Rose Dubois and Julie O’Brien find themselves on the roof of a Montreal apartment building on a scorching summer’s day, and from that moment on their fates are intertwined. Worldwide climate change and dramatic shifts in weather patterns foreshadow their predestined suffering.
Chalk is a tender story about love and loss, following a broken-hearted thirty-something cubicle worker, free-falling from every ledge of his life. Post-break-up and blue, he feels like nothing matters, that he has become invisible, like a chalk outline on the floor, empty inside.
Set in Surrey, BC circa 1960, A Credit to Your Race is a story about innocent love awakening between a fifteen-year-old black porter’s son and the white girl next door. The novel is a disturbing and convincing portrayal of how the full weight of racism and bigotry came to bear on a youthful, interracial couple.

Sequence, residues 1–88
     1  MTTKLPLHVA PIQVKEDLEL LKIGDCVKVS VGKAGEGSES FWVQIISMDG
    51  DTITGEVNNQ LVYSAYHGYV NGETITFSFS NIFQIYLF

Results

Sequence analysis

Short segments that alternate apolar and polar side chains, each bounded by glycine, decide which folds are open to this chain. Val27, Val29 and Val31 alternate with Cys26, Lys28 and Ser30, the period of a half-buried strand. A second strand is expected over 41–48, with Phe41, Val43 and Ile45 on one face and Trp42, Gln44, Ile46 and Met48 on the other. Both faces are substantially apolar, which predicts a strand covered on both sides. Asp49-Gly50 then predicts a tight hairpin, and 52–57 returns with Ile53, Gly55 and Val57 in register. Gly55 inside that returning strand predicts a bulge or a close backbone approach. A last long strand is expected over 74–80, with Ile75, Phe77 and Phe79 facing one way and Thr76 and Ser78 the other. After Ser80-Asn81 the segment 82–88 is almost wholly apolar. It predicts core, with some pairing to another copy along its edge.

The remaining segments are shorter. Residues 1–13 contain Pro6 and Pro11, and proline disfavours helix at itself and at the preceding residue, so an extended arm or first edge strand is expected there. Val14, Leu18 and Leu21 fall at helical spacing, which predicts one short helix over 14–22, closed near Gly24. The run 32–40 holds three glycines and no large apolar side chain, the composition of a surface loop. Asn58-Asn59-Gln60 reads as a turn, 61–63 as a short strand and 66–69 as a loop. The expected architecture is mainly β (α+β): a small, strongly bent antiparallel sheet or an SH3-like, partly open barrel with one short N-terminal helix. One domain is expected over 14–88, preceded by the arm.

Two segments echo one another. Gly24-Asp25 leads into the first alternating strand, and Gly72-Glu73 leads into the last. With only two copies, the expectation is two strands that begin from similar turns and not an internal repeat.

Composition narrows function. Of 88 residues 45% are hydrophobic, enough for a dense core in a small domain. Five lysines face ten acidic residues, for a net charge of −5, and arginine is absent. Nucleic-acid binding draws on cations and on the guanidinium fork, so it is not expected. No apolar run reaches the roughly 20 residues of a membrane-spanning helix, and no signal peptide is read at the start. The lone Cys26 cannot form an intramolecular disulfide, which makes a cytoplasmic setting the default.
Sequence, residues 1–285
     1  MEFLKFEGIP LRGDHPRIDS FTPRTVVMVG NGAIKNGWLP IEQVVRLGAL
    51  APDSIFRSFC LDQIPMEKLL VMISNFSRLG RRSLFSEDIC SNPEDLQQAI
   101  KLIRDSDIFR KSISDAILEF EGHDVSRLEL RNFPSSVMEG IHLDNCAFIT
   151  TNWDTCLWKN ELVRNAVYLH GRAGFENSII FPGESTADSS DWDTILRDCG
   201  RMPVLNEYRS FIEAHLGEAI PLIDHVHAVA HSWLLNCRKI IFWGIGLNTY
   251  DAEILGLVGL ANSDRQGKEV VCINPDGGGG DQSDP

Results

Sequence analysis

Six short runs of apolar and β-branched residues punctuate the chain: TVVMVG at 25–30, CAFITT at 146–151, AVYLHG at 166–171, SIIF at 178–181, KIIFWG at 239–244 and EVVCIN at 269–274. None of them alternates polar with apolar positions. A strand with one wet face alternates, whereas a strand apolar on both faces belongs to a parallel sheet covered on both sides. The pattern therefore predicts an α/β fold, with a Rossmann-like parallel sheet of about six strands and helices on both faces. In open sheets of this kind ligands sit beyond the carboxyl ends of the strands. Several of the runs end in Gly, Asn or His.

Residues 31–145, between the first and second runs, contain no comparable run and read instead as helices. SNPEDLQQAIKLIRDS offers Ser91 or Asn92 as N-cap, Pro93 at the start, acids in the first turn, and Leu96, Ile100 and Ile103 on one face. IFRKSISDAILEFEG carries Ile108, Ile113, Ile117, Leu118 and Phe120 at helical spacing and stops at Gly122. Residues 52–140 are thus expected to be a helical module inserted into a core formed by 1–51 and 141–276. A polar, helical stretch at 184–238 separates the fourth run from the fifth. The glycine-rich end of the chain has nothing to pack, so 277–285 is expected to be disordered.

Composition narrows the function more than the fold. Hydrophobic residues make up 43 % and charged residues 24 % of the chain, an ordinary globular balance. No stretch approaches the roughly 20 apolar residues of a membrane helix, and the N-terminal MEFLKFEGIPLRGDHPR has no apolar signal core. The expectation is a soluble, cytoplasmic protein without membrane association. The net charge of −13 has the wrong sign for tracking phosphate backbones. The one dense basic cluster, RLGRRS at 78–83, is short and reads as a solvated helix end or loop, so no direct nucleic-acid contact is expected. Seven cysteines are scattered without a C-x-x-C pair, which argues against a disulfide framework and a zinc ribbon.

This is not the Alberta world of oil and hockey and wheat, but of people at night, living alternate lives, wearing clothes that usually remain hidden in the depths of closets. When they emerge from these closets wearing these clothes, these shopkeepers, lawyers, and students do things to themselves and each other that it would take Freud to explicate. Everywhere in the valley lies the fear of loneliness, the obsession with desire, and the human fixation with the unknown.
Dead Man in the Orchestra Pit is a singularly Canadian novel featuring crime, culture, and sports. Written in the vein of John Kennedy Toole (Confederacy of Dunces) and JP Donleavy, Dead Man in the Orchestra Pit is set in Vancouver during an early 80s Grey Cup weekend.